Welsh Corgis continued to be exhibited as such in the UK until the mid 1920's when the Pembrokes and Cardigans were formed into separate clubs and were formally recognised by the Kennel Club in 1934.
The Pembroke soared in popularity compared with its cousin, its appeal was heightened when it began nearly 70 years of royal association after becoming a favourite, first with King George VI and subsequently Queen Elizabeth II; who has had more than 30 Pembroke Corgis since she was presented with her first as a young Princess way back in 1933.
By the 1960's the Pembroke had become one of the most recognised pet breeds all over the world, especially in Britain.
The Pembroke Welsh Corgi is one of two very similar Welsh Corgi breeds; The Pembroke is slightly smaller than its Cardigan cousin and is the type favoured by Queen Elizabeth of England.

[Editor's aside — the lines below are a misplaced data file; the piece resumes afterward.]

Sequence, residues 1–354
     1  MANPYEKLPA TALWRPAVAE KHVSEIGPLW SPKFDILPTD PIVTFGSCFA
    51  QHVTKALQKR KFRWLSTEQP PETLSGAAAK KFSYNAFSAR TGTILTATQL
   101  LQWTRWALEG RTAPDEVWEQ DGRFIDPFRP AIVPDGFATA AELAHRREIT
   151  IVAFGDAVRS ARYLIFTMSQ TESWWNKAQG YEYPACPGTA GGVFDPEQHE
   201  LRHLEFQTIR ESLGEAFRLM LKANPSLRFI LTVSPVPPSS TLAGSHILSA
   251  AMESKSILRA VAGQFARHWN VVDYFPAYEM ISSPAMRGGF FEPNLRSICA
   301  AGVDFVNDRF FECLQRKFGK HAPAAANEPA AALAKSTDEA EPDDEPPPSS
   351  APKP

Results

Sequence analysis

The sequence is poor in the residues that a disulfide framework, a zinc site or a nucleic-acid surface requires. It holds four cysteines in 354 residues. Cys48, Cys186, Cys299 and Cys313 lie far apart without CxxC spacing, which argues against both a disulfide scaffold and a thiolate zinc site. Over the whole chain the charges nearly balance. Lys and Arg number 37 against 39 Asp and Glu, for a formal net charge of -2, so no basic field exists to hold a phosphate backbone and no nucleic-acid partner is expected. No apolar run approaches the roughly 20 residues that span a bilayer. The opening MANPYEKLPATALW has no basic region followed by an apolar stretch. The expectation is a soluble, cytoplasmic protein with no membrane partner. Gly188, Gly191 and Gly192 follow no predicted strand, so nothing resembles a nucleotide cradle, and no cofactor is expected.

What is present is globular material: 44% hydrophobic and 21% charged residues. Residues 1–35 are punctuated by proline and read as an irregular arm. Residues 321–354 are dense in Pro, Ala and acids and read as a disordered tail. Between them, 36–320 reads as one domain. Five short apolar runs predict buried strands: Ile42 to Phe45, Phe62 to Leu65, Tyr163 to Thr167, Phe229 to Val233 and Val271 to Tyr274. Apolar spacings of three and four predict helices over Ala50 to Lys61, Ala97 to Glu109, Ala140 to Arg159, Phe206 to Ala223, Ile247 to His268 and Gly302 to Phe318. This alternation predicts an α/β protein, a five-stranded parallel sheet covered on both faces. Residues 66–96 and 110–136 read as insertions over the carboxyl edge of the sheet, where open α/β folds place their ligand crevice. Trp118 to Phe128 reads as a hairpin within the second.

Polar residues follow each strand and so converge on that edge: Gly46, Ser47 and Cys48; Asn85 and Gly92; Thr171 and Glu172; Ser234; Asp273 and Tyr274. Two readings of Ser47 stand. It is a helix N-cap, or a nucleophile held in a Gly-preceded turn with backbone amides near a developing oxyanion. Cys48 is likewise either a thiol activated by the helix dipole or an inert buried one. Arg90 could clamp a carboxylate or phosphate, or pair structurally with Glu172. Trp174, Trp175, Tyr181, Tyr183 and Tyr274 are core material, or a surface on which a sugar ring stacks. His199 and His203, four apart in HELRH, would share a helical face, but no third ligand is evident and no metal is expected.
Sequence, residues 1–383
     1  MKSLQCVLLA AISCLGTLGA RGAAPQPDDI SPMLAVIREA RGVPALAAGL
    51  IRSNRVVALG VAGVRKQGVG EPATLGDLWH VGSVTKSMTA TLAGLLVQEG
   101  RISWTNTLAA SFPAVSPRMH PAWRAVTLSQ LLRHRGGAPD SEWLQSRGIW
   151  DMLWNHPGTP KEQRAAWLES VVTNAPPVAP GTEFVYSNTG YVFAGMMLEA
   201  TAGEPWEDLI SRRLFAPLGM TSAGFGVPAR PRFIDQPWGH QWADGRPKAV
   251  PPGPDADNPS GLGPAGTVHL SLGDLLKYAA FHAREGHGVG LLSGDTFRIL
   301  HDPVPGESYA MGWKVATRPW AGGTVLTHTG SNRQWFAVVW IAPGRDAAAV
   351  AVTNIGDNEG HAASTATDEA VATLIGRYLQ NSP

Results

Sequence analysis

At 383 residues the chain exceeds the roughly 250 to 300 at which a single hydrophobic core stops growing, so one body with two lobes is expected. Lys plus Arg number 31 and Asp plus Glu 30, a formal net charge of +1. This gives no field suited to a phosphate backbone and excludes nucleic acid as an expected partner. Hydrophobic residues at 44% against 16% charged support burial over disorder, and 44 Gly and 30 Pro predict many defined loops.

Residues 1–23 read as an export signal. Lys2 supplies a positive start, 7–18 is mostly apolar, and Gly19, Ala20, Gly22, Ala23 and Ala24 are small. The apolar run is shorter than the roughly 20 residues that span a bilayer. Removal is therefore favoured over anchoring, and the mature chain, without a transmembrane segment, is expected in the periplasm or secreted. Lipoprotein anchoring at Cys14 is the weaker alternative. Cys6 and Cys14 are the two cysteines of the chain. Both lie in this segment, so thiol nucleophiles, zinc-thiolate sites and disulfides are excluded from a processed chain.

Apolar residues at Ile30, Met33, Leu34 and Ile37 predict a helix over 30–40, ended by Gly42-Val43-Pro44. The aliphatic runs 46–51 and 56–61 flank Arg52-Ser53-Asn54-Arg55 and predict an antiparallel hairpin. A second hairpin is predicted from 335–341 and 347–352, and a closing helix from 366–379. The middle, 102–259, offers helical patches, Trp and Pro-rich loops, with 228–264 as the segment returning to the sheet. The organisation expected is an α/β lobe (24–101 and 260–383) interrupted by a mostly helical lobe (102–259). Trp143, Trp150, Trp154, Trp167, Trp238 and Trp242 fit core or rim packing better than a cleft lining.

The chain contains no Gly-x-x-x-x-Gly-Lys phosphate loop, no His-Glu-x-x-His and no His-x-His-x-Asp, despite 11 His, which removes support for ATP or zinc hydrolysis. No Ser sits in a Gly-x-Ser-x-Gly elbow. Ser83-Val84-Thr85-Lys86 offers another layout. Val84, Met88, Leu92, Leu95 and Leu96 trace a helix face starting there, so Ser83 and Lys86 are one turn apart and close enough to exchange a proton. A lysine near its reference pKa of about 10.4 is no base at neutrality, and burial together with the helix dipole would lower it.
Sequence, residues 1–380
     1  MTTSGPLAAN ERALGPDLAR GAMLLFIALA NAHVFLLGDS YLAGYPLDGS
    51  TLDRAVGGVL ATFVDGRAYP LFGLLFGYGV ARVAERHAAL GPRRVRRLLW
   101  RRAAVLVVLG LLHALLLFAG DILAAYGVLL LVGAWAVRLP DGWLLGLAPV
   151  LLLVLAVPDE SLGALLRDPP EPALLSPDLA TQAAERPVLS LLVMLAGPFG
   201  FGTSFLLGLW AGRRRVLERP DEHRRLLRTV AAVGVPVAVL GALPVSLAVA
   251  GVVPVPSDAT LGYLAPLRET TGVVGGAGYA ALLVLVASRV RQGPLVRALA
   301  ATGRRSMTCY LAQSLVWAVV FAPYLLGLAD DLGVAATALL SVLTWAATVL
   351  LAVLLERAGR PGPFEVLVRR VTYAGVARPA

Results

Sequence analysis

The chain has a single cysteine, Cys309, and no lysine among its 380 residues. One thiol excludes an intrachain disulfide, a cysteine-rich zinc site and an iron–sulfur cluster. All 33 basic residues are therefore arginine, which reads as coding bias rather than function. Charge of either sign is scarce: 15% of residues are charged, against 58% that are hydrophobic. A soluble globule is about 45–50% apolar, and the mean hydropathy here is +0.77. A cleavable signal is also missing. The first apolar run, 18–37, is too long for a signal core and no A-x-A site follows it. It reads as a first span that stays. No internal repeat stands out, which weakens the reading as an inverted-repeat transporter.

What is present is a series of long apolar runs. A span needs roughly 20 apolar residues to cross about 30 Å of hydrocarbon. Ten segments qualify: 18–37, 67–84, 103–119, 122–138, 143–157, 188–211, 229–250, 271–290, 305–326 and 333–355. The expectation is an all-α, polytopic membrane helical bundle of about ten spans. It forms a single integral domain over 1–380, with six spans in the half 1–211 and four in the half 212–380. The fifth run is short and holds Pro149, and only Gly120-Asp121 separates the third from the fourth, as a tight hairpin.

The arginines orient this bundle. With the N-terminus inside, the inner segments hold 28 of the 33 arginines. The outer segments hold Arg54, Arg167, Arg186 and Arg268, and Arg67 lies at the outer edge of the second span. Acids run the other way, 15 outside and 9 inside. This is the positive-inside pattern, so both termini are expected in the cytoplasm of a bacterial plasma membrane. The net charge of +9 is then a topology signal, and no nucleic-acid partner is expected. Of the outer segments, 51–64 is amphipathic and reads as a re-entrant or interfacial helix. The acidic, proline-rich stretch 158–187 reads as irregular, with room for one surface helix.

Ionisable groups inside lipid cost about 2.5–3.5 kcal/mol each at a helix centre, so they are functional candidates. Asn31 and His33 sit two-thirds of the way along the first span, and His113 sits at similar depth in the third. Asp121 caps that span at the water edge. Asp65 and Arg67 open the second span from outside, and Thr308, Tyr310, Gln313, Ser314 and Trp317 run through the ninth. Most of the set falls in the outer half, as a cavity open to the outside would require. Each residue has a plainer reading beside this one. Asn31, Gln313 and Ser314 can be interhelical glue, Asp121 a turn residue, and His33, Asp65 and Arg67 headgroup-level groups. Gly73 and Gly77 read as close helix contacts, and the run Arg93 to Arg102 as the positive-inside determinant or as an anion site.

The history of the Welsh Corgi is ancient indeed, being recorded as early as the 11th Century A.D, probably to the reign of Hywel Dda, King of Wales in the early 900's, and is believed to have been introduced to Wales by Flemish weavers circa 1100, though 920 is also a suggested date. Another possibility for this corgi's origin is breeding between Cardigans and the Swedish Vallhund, a spitz-type dog resembling the Pembroke and brought to Wales by Norse invaders.
Do You Have A Pembroke Welsh Corgi? We would love love to hear your story, why not upload a picture and share your experiences, tell us why they are your favourite breed. Do You Have A Related Question? - Just ask and we will be happy to help .